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Russia’s Wagner mercenaries launch joint training with Belarusian military near Polish border

MOSCOW: Mercenaries from Russia’s military company Wagner on Thursday launched joint drills with the Belarusian military near the border with Poland following their relocation to Belarus after their short-lived rebellion, a move that prompted Warsaw to redeploy its troops.
The Belarusian Defense Ministry said that the weeklong maneuvers will be conducted at a firing range near the border city of Brest and will involve Belarusian special forces. The ministry added that Wagner’s combat experience will help modernize the Belarusian military.
A video released Wednesday appeared to show Wagner’s chief Yevgeny Prigozhin for the first time since he led last month’s rebellion. In the video, Prigozhin was seen telling his troops they would spend some time in Belarus training its military to help “make the Belarusian army the second strongest army in the world” before deploying to Africa.
In addition to their involvement in Ukraine, Wagner mercenaries have been sent to Syria and several African countries since the private army was created in 2014.
The U.K. government on Thursday imposed asset freezes and travel bans on 13 Wagner mercenaries over alleged attacks on civilians and other human rights abuses in Africa. Britain has already sanctioned Prigozhin and several other Wagner commanders over the group’s role in Russia’s invasion of Ukraine.
In his revolt that began on June 23 and lasted less than 24 hours, Prigozhin’s mercenaries captured the military headquarters in the southern Russian city of Rostov-on-Don without firing a shot and then moved as close as 200 kilometers (125 miles) to Moscow. The mutiny faced little resistance. The mercenaries downed at least six military helicopters and a command post aircraft, killing at least 10 airmen.
Prigozhin had called it a “march of justice” to oust Defense Minister Sergei Shoigu and General Staff chief Gen. Valery Gerasimov, who demanded that Wagner forces sign contracts with the Defense Ministry. He ordered his troops back to their camps after Belarusian President Alexander Lukashenko brokered a deal to end the rebellion in exchange for an amnesty for Prigozhin and his fighters and a permission to relocate to Belarus.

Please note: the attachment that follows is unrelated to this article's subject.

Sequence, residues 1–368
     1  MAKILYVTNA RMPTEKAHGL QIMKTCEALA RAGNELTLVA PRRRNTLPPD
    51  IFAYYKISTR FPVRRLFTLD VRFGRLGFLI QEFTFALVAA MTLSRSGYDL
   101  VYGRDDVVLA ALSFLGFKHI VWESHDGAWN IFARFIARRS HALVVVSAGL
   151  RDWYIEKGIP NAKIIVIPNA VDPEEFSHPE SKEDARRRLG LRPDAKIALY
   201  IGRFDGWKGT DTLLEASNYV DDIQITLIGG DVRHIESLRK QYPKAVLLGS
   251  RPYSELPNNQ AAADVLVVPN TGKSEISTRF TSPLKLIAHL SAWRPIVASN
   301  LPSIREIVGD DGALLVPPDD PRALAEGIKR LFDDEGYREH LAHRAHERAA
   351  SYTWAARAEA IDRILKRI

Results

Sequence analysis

The revolt posed the most serious threat to Russian President Vladimir Putin’s 23-year rule, eroding his authority and exposing the government’s weakness.
Belaruski Hajun, a Belarusian activist group that monitors troops movements in Belarus, said that nine convoys with more than 2,000 Wagner mercenaries already have rolled into the country. A Wagner commander said in a statement posted on a messaging app channel linked to the company that about 10,000 Wagner troops are set to deploy to Belarus.
Satellite photos from Planet Labs PBC which were analyzed by The Associated Press showed a convoy of vehicles at the base near Tsel in the Asipovichy region of Belarus, about 90 kilometers (about 55 miles) southeast of Minsk, which the Belarusian authorities offered to Wagner.
Belarus’ opposition leader Sviatlana Tsikhanouskaya, who was forced to leave the country after challenging Lukashenko in a 2020 election that the opposition and the West denounced as fraudulent, said that Wagner’s deployment to Belarus will destabilize the country and threaten its neighbors.
“The arrival of Wagner will add to instability, and no one will feel safe with these war criminals roaming the country,” she said. “They are extremely dangerous and their unpredictability raises the threat for Belarusians and our neighbors.”
Polish Defense Minister Mariusz Blaszczak said Thursday that he has ordered to move some troops from the country’s west to Biala Podlaska, around 45 kilometers (28 miles) west from Brest, and in Kolno, further north.
“We must bear in mind that bringing a few thousand of Wagner’s forces into Belarus poses a threat to our country, hence my decision to move some military units from Poland’s west to Poland’s east,” Blaszczak said on state Radio 1. “Their task it is to train and to deter an aggressor, it is to show Russia that Poland’s border should not be crossed, that it would not pay off to attack Poland.”
Some of the strong rhetoric could be attributed to early campaigning before parliamentary elections expected in the fall, in which the ruling right-wing Law and Justice party is expected to lose its control of the parliament.


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